The NHL's free agency signing period opens at noon (EDT) today. We will be hosting a chat for it beginning at approximately 11:50 a.m.
Feel free to participate in the chat below:
Note: In the event of the Penguins holding any sort of media availability, we will cut the chat short.
(Photo:Bruce Bennett/Getty Images)
-Free agency day is here.
-Former Wilkes-Barre/Scranton Penguins goaltender Scott Munroe has joined the OHL's Moncton Wildcats as a goaltending coach.
-Former Wilkes-Barre/Scranton Penguins forward Paul Crowder has joined Amiens of France's Ligue Magnus.
-Happy 48th birthday to former Penguins forward Mike Eastwood. A free agent signing in the 2003 offseason, Eastwood spent one season with the Penguins. In 2003-04, he appeared in all 82 of the team's games and recorded 19 points. He retired in 2004.
-Happy 38th birthday to former Penguins forward Jarome Iginla (right). Acquired prior to the 2013 trade deadline which sent forwards Ben Hanowski, Kenny Agostino and a draft pick, Iginla appeared in 13 games for the Penguins in 2012-13 and scored 11 points. Iginla saw action in 15 postseason games that spring and scored 12 points. He joined the Bruins as a free agent the following offseason. Iginla is currently a member of the Avalanche.
-The Blue Jackets acquired the signing rights of pending restricted free agent forward Brandon Saad, forward prospect Alex Broadhurst and defensive prospect Michael Paliotta from the Blackhawks in exchange for for forwards Artem Anisimov, Marko Dano, Jeremy Morin, Corey Tropp and a fourth-round pick in 2016.
Coming off the last year of an entry-level contract with a salary cap hit of $764,166, Saad, 22, appeared in 82 games last season and scored 52 points (23 goals, 29 assists). Entering the last year of a contract with a salary cap hit of $925,000, Paliotta, 22, was a third-round pick (No. 70 overall) in 2011. As a senior at Vermont last season, Paliotta appeared in 41 games and scored 36 points (nine goals, 27 assists). Entering the final year of an entry-level deal with a salary cap hit of $643,333, Broadhurst, 22, was a seventh-round pick (No. 199 overall) in 2011. Broadhurst appeared in 29 games with Rockford of the AHL last season and scored 14 points (six goals, eight assists).
Entering the last year of a deal with a salary cap hit of $3,283,333, Anisimov, 27, played in 52 games last season and scored 27 points (seven goals, 20 assists). With two seasons remaining on an entry-level deal with a salary cap hit of $925,000, Dano, 20, was a first-round pick (No. 27 overall) in 2013. He played in 35 NHL games last season and scored 21 points (eight goals, 13 assists). Entering the final year of a deal with a salary cap hit of $800,000, Morin, 24, played in 28 games last season and scored six points (two goals, four assists). Entering the final year of a deal with a salary cap hit of $625,000, Tropp, 25, played in 61 games last season and scored eight points (one goal, seven assists).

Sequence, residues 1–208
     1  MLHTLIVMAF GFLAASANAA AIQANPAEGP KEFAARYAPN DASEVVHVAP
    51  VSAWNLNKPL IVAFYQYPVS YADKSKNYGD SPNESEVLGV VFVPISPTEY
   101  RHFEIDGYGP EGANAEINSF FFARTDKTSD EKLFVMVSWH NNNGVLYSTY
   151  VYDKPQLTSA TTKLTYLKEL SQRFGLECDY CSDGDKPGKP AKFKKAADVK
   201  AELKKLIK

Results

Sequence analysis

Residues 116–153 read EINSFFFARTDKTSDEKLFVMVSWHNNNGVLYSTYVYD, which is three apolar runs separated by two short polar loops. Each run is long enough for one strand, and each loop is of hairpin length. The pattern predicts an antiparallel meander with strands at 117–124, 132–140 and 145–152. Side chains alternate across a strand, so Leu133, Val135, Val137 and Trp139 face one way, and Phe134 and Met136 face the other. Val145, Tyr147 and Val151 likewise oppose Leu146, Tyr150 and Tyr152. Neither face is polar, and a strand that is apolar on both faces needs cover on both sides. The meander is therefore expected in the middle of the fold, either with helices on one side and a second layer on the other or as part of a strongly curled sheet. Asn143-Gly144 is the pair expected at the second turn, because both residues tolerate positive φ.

-EN Says: This is a game changer. With the Blackhawks facing a salary cap crunch, they moved Saad (right) before another team could swoop in and sign him to an offer sheet they had no hope of matching. Despite being young, Saad has a lifetime of experience, particuarly in the postseason. A strong player with an ability to take the puck to the net, Saad is a legitimate top-line winger who can flourish alongside any high-end center. He was excellent with Jonathan Toews as his center in Chicago and he figures to fit in well with Ryan Johansen in Columbus. Additionally, Saad is a solid penalty killer. The Blue Jackets still need to shore up a weak blue line, but this improves their stock immensely in the Neapolitan Ice Cream Metropolitan Division. Broadhust and Paliotta are mid-level prospects who were likely throw-ins.
The Penguins made an effort to pursue Saad, a native of Gibsonia, but there is no word on what they offered. It's hard to imagine they could not match the quality of what Columbus gave up. That said, Columbus did send a nice bundle of role players to Chicago. Anisimov is an underrated two-way player who offers a very complete game. With the Blackhawks facing the possibility of losing pending unrestricted free agent center Brad Richards, Anisimov could end being the Blackhawks' No. 2 center. Dano is a high-end prospect who, like Saad, can take the puck to the net. He might not be as talented or gifted as Saad, but he plays a similiar style. Morin is a former Blackhawks prospect who produced offensively at the AHL level but never put it together at the NHL level. A skilled player, he'll get a second chance. Tropp is a bottom-line winger who will hit and fight but offer little else.
-“We both tried hard to make it work. It just wasn’t going to work in this scenario. I don’t think we ever came close on a contract.” - Blackhawks general manager Stan Bowman on Saad.
-The Hurricanes placed forward Alexander Semin (right) on waivers with the intention of buying out the remaining three years on his contract.
-EN Says: No.
There's a lot of reasons to connect Semin to the Penguins. His history with general manager Jim Rutherford. His familiarity with fellow Russian Evgeni Malkin. His great possession numbers. But this guy is a headache. The fact that a team with limited finances and limited talent like the Hurricanes cut him loose with a buyout cost of $14 million speaks volumes for how awful he was the last few seasons. He may be worth signing on a one-year deal in order to keep him motivated for a longer-term deal. But sinking anything resembling a long-term contract in him would be mind-numbing.